Invitae Corporation, a leading medical genetics company, plans to build a major testing and laboratory facility in Wake County, creating 374 jobs and investing $114.6 million in Morrisville over the next decade, Governor Roy Cooper announced today.
"Biotechnology companies continue to choose North Carolina as a trusted and reliable location to grow their companies,"
said Governor Roy Cooper. "From specialized workforce training programs to world-class research infrastructure, companies like Invitae appreciate the advantages our state delivers."
San Francisco-based Invitae follows a mission to bring comprehensive genetic information into mainstream medicine to improve healthcare for billions of people. Invitae's goal is to aggregate the world's genetic tests into a single service with higher quality, faster turnaround time, and lower prices. The company's project in Wake County will establish an advanced genetics testing laboratory on the east coast of the United States, to support Invitae's fast growing business. The Morrisville lab is expected to initially ramp up capacity to volume levels similar to Invitae's flagship San Francisco laboratory facility, with additional growth projected in future years.
"As we continue to expand to support our rapid growth in the U.S., we were eager to identify a location on the East Coast that would improve our ability to serve our customers, improve our operational leverage, and build a talented team with connections to a vibrant life sciences community. We have found the ideal location in North Carolina,"
said Ken Knight, chief operating officer of Invitae. "Our mission is to make genetic information affordable and accessible for billions of people. Our new location near the Research Triangle Park will help us bring that mission to reality."
"North Carolina made a commitment many years ago to build a vibrant life science industry in our state,"
said North Carolina Commerce Secretary Machelle Baker Sanders. "Today, we're seeing that vision and early hard work pay off as companies like Invitae bring new jobs and new investment to our state."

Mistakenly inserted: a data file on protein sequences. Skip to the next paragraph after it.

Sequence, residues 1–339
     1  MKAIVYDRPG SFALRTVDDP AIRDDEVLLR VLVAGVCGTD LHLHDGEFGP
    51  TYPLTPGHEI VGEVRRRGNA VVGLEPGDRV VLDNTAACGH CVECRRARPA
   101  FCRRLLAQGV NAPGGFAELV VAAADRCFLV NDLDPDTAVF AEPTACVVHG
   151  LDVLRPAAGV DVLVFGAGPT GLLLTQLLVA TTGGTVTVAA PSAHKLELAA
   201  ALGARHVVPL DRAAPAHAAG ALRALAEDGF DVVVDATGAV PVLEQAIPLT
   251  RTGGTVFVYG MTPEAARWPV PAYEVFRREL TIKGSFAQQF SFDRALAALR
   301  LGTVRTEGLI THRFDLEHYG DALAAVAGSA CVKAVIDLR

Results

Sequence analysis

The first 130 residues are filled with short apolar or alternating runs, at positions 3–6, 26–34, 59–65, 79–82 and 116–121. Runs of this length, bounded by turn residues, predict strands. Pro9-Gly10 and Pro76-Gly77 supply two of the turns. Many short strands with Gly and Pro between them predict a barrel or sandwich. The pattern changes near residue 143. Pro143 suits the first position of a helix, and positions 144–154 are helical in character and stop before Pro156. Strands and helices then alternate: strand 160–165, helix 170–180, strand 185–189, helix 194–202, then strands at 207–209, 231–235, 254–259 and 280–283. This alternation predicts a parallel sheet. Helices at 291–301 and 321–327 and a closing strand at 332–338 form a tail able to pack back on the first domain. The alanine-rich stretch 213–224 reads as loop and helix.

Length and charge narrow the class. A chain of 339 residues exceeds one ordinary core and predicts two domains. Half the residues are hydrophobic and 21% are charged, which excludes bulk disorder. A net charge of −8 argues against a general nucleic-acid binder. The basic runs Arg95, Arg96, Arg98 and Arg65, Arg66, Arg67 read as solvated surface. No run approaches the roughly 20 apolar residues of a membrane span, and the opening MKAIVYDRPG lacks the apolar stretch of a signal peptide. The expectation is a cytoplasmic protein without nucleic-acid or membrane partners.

The average salary of the specialized new positions will reach $91,176, although specific wages will vary depending on job role. The regional economy is expected to eventually benefit from more than $34.1 million in total payroll impact each and every year, and salaries for technical and specialized jobs at the facility are expected to be significantly above the average wage in Wake County which currently stands at $63,966.
Invitae's project in North Carolina will be facilitated by a Job Development Investment Grant (JDIG) approved by the state's Economic Investment Committee earlier today. Over the course of the 12-year term of this grant, the project is estimated to grow the state's economy by $1.07 billion. Using a formula that takes into account the new tax revenues generated by the new jobs, the JDIG agreement authorizes the potential reimbursement to the company of up to $6,767,250, spread over 12 years. Over those 12 years, new state tax revenues generated by the new jobs will exceed $20 million.
State payments only occur following performance verification by the departments of Commerce and Revenue that the company has met its incremental job creation and investment targets. JDIG projects result in positive net tax revenue to the state treasury, even after taking into consideration the grant's reimbursement payments to a given company.
Invitae's JDIG agreement could also move as much as $2,255,750 into a fund that helps rural communities across the state attract business in the future. When companies select a site located in a Tier 3 county such as Wake, their JDIG agreements move some of the new tax revenue into the state's Industrial Development Fund — Utility Account. Local communities in more economically challenged areas of the state use grants from the Utility Account to build public infrastructure projects, which can improve a community's ability to attract companies to their regions.
"Innovative companies like Invitae are a great addition to our region's life science industry cluster,"
said N.C. Representative Joe John. "We're excited to see so many companies recognize the appeal of both our state and local business climate."
"Thanks to the hard work of many economic development partners behind the scenes, we've been able to attract this investment to Wake County,"
said N.C. Senator Wiley Nickel. "We will continue to support Invitae and its new employees as they begin operations in our area."
Partnering with the North Carolina Department of Commerce and the Economic Development Partnership of N.C. on this project were the North Carolina General Assembly, the North Carolina Community College System, the North Carolina Biotechnology Center, Research Triangle Foundation, North Carolina Central University, North Carolina State University, Wake Tech, the Capital Area Workforce Development Board, the Town of Morrisville, Wake County, the Morrisville Chamber of Commerce, and Wake County Economic Development and Triangle Diversity Equity and Inclusion Alliance, programs of the Raleigh Chamber.
- Contact: Ford Porter